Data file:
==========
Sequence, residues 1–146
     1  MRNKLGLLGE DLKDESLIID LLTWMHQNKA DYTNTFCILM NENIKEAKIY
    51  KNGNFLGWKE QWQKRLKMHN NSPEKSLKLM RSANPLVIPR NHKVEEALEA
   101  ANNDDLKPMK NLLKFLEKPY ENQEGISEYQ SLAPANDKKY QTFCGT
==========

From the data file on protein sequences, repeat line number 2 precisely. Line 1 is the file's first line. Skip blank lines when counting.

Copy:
     1  MRNKLGLLGE DLKDESLIID LLTWMHQNKA DYTNTFCILM NENIKEAKIY